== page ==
A History of Psychiatry: From the Era of the Asylum to the Age of Prozac

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Wiley, 1997 - Medical - 436 pages
2 Reviews
"PPPP . . . To compress 200 years of psychiatric theory and practice into a compelling and coherent narrative is a fine achievement . . . . What strikes the reader [most] are Shorter's storytelling skills, his ability to conjure up the personalities of the psychiatrists who shaped the discipline and the conditions under which they and their patients lived."--Ray Monk The Mail on Sunday magazine, U.K.

"An opinionated, anecdote-rich history. . . . While psychiatrists may quibble, and Freudians and other psychoanalysts will surely squawk, those without a vested interest will be thoroughly entertained and certainly enlightened."--Kirkus Reviews.

"Shorter tells his story with immense panache, narrative clarity, and genuinely deep erudition."--Roy Porter Wellcome Institute for the History of Medicine.

In A History of Psychiatry, Edward Shorter shows us the harsh, farcical, and inspiring realities of society's changing attitudes toward and attempts to deal with its mentally ill and the efforts of generations of scientists and physicians to ease their suffering. He paints vivid portraits of psychiatry's leading historical figures and pulls no punches in assessing their roles in advancing or sidetracking our understanding of the origins of mental illness.

Shorter also identifies the scientific and cultural factors that shaped the development of psychiatry. He reveals the forces behind the unparalleled sophistication of psychiatry in Germany during the eighteenth and nineteenth centuries as well as the emergence of the United States as the world capital of psychoanalysis.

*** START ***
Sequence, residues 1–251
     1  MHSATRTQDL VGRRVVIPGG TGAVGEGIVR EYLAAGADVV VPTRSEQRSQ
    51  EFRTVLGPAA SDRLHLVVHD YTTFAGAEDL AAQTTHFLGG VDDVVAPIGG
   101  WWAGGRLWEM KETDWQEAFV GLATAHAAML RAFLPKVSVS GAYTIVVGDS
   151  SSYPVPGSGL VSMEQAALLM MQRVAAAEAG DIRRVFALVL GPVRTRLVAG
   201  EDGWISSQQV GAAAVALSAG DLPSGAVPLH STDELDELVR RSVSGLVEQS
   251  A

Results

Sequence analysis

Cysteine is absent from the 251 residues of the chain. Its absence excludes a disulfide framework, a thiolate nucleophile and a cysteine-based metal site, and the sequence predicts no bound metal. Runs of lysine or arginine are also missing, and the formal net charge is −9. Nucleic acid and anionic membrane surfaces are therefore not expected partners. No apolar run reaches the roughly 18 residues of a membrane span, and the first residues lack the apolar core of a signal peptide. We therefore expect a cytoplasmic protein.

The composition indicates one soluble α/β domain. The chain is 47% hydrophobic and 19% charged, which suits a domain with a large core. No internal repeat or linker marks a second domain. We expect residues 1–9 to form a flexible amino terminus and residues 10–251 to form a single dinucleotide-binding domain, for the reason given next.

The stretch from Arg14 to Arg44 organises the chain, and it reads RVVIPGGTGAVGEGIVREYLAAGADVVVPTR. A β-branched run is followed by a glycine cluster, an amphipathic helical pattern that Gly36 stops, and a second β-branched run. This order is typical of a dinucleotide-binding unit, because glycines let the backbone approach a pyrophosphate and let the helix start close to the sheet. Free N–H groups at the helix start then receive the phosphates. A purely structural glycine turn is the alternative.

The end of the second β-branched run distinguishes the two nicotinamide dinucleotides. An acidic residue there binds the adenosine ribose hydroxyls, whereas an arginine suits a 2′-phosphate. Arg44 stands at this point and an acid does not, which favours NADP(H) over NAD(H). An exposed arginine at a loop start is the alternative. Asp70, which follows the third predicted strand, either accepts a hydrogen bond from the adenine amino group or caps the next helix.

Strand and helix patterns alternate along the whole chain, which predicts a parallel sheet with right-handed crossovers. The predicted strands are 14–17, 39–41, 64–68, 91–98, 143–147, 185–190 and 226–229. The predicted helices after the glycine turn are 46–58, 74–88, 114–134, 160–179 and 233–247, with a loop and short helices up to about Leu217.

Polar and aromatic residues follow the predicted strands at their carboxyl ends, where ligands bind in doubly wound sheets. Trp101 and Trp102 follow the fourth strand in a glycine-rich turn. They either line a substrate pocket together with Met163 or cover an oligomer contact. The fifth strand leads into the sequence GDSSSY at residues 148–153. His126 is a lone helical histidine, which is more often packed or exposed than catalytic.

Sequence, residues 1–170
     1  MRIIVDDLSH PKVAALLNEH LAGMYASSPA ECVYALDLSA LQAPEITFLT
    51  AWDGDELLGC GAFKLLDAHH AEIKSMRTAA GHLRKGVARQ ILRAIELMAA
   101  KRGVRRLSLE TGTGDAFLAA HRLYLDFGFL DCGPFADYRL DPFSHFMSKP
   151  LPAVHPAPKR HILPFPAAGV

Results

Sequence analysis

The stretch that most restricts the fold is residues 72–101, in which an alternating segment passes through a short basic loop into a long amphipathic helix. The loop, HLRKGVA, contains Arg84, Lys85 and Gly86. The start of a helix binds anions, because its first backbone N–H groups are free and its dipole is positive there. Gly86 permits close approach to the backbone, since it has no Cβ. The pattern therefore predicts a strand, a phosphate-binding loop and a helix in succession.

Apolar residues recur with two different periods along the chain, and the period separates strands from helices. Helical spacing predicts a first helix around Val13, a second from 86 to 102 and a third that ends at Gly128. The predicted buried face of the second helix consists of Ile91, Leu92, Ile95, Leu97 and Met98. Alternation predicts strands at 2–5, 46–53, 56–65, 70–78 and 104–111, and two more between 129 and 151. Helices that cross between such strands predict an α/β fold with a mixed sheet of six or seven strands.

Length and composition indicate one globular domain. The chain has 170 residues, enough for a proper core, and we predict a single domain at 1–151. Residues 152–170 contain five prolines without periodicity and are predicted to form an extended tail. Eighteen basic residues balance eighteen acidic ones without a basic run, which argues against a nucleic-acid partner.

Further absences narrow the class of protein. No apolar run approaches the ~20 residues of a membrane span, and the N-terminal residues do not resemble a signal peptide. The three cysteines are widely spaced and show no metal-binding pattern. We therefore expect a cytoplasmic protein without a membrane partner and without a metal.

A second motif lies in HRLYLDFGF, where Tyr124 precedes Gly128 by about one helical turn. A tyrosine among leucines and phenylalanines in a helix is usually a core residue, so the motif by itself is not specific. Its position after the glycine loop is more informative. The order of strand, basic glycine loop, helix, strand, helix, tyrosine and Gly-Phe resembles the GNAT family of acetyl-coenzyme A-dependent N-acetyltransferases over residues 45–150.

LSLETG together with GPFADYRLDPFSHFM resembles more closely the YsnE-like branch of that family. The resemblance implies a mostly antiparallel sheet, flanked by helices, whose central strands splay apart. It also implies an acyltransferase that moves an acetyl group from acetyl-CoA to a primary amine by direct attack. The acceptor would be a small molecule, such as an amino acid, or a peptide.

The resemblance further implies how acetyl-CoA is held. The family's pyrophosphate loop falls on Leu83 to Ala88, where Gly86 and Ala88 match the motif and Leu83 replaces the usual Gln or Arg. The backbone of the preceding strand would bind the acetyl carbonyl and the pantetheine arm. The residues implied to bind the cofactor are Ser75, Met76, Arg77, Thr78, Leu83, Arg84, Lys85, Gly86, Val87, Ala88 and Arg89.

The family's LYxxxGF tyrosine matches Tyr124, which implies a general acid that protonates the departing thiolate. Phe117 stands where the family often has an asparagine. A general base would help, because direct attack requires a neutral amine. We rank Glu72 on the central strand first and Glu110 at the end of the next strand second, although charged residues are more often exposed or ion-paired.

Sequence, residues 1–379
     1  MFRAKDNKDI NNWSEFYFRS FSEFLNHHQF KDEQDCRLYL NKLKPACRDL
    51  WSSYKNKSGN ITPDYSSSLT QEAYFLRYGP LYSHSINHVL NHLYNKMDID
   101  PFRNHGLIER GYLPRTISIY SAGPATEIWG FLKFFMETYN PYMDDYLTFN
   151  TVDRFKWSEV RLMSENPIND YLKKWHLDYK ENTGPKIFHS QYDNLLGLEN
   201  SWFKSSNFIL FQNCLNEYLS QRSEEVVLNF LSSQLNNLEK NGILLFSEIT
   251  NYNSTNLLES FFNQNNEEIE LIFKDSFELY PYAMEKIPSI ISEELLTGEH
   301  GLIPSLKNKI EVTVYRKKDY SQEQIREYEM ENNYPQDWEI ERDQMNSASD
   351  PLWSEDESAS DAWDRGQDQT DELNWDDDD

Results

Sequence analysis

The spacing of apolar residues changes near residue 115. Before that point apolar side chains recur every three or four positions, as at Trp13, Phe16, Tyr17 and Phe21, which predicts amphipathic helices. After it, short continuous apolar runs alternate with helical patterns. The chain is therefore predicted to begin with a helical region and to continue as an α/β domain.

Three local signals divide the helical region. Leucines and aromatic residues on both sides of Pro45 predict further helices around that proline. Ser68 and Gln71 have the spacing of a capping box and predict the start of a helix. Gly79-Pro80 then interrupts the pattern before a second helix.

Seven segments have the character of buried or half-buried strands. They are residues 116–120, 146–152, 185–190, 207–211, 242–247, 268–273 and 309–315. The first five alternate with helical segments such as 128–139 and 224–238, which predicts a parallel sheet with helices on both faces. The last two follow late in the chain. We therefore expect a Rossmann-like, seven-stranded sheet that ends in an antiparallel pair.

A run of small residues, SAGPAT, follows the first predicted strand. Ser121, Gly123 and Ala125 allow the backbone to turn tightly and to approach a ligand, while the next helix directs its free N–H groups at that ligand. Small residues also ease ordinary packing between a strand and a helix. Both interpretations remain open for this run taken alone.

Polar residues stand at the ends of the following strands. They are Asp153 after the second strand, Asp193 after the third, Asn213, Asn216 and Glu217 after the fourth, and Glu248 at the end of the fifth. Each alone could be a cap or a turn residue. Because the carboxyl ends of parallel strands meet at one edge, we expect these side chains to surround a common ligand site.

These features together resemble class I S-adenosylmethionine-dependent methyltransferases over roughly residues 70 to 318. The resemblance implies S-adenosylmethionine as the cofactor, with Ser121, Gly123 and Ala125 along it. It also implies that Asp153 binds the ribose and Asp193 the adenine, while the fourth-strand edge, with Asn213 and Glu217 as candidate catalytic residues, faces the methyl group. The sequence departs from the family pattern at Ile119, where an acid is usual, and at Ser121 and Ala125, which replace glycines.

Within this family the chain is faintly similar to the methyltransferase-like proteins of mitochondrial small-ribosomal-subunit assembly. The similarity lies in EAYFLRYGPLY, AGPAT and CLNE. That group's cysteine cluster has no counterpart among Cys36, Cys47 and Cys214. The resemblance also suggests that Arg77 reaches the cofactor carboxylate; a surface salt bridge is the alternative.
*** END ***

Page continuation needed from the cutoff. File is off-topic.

This engagingly written, thoroughly researched, and fiercely partisan account is compelling reading for anyone with a personal, intellectual, or professional interest in psychiatry.

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A history of psychiatry: from the era of the asylum to the age of Prozac

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The view of psychiatry held by both insiders and the general public has changed considerably in the past few decades, in ways that Shorter (From the Mind into the Body, LJ 11/1/93) both acknowledges ... Read full review

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I found this book to be very insightful and it built my foundation on the history of psychiatry. Needless to say it fills in some gaping holes left by introductory and intermediate psychology textbooks.
I noticed another reviewer refer to this work as Pop history, but I would defend Shorter (Professor at University of Toronto) as an academic in this case. His notations are meticulous and this is an example of scholarship; not pop lit.
That being said, there are certainly instances in this text where Shorter's interpretations and opinions concerning the philosophy of psychiatry shine through (I particularly liked his treatment of the Quaker 'Moral Treatment' and his criticisms of the medical model of psychiatry) but he's not exactly plotting with Tom Cruise and Scientologists.
Do you care about psychiatry? Are you considering a career in public health, mental health, medicine, or psychology? If so, reading this book is critical to building an understanding of mankind's struggle and ultimate inability to cure mental illness in the last 250 years. If you come into reading this book thinking that the solution to mental illness is simple and comes in pill form, you're in for a rude awakening. Even if you already know better than that, there is much to be gained by looking at the seemingly random history of psychiatry and the competing goals of curing vs. treating mental illness.

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About the author (1997)

EDWARD SHORTER, PhD, is Hannah Professor in the History of Medicine at the University of Toronto. He is the author of ten books, including the international bestseller The Making of the Modern Family and a two-volume history of psychosomatic illness.

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